Dump in Grid format calls ToString
I've noticed that recent version of LINQPad (6 and 7) call ToString when dumping a class or an IEnumerable. The classes I dump are usually NHibernate Proxies and calling ToString on the lazy loaded properties immediately unproxy them causing several database calls and thus making almost impossible to use LINQPad Dump.
In the past (until v5) I suppose the GetType().Name was called instead of ToString().
Is there a way to customize the behavior or switch back to the old way ?
I can't easily identify a functional difference between LINQPad 5 and 6/7 in this regard. Is there an easy way to identify NHibernate proxies? The easiest solution will probably be to special-case these.
Yes, I can say that a given object "prop" is an NHibernateProxy if
prop.GetType().BaseType != null && prop.GetType().Name == (prop.GetType().BaseType.Name + "Proxy")
For Collection, I can say it's an Nhibernate Collection when
In my domain that's enough to identify when I don't want the ToString method to be called because it will trigger the tide of SQL queries.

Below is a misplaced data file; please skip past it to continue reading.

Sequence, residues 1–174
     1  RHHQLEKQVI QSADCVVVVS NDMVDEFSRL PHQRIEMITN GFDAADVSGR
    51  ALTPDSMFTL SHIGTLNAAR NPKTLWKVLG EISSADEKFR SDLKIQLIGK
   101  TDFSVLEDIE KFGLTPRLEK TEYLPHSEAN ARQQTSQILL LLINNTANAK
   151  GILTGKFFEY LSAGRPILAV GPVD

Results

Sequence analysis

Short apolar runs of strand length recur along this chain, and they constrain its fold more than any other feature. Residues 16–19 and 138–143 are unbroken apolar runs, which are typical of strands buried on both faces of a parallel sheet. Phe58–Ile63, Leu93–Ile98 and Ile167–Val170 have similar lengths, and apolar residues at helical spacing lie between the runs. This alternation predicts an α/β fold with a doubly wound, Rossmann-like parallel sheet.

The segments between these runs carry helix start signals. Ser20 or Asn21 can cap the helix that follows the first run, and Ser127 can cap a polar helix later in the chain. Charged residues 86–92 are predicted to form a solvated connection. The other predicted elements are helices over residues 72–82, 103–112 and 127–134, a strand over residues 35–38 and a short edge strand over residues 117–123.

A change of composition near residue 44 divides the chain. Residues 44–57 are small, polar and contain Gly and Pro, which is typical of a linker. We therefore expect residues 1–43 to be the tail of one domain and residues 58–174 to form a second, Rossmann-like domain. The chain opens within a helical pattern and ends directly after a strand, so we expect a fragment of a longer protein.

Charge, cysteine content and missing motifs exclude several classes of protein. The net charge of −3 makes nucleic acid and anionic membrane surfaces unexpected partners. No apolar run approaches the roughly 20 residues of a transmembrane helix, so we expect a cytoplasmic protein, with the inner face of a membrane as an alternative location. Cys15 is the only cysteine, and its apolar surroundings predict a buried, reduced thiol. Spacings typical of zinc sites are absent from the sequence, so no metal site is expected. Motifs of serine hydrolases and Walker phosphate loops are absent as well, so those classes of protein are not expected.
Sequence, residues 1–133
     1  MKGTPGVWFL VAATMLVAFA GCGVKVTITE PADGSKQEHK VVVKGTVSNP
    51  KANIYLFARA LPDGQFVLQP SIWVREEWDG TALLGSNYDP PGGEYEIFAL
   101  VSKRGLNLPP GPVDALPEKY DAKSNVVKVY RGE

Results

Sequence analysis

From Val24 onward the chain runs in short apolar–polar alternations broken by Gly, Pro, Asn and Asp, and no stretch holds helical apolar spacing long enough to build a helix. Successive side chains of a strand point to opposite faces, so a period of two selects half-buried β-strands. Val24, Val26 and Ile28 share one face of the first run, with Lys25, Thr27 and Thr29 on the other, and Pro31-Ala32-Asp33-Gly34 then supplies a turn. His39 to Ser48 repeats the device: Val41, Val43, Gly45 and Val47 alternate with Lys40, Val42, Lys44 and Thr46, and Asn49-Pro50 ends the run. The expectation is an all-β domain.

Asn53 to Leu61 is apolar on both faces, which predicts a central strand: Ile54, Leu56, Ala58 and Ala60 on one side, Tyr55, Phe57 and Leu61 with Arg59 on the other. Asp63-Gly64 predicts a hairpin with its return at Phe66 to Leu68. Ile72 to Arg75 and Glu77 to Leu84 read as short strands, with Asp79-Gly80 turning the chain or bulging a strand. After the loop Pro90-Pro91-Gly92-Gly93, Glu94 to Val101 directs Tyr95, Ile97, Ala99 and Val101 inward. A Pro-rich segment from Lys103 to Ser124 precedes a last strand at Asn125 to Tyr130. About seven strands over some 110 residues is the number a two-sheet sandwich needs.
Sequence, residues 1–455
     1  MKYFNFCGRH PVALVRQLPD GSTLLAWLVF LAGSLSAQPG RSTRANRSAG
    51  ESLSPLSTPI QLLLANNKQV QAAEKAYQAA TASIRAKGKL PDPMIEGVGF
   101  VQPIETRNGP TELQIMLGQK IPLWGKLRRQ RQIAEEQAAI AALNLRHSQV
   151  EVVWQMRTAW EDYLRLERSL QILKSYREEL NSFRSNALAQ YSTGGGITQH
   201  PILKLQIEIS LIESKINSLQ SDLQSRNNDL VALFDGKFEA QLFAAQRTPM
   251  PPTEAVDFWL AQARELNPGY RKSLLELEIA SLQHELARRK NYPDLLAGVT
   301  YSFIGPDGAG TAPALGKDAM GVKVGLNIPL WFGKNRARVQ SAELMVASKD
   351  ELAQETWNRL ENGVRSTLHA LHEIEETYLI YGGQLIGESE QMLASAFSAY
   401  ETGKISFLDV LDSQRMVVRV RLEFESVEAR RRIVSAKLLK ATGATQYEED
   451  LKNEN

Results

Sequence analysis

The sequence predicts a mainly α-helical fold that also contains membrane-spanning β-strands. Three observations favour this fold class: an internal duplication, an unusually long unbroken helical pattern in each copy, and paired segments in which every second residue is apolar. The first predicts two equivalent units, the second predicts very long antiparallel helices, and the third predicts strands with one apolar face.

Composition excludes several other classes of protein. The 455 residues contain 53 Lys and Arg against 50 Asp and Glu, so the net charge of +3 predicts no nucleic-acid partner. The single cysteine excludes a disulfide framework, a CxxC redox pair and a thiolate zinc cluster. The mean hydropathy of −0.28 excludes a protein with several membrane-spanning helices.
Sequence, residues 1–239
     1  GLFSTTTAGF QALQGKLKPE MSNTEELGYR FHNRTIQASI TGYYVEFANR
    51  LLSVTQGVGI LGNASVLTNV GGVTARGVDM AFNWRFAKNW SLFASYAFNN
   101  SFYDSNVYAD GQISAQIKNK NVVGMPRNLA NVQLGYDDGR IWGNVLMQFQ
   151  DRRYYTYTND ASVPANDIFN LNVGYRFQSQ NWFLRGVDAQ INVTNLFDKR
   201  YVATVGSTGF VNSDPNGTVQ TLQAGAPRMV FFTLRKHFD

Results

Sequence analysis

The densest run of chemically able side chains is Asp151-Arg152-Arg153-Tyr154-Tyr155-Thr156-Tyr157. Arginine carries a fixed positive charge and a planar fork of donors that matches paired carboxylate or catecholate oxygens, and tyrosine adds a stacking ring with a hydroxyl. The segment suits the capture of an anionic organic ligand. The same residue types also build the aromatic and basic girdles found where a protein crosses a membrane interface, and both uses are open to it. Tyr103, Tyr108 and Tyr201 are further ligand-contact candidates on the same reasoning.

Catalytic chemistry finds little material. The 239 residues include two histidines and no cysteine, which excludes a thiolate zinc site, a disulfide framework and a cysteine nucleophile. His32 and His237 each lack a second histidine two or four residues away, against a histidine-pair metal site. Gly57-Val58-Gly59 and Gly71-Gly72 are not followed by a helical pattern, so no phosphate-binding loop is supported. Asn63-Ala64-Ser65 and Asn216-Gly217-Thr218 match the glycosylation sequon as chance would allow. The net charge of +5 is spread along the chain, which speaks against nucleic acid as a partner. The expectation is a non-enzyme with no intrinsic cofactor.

How can I use this bits ? I've tried the ToDump way with no luck.
Giving that I use LINQPad with a custom Driver (dynamic) I've also tried GridOptions.MembersToExclude in
void DisplayObjectInGrid(object objectToDisplay, GridOptions options)to hide those properties but is far from optimal.
I've also thought to dinamically create a proxy around the object I dump thus supplying an object whose implementation override ToString() returning a simple GetType().Name or somthing like that, but is really an effort.
For completeness, what trigger the lazy load is the code in LINQPad.UI.ExplorerGrid.OnCellFormatting
Try the latest beta and let me know whether it helps.
That's PERFECT! It shows typename for both many to one and one to many relations!
Many thanks for your interventions. Attached a screenshot.
That saved me and the company I work for, hours of dealing with dynamic proxy construction (or even CLR methods injection) just to override ToString behavior.
Just for reference we use your product as something more than a learning/scratchpad tool, it's more of a Business Process Management tool. We write classes inside .linq files that are developed/debugged inside LINQPad, than those files are picked up in our product, compiled, stored and executed when certain business conditiosn are met.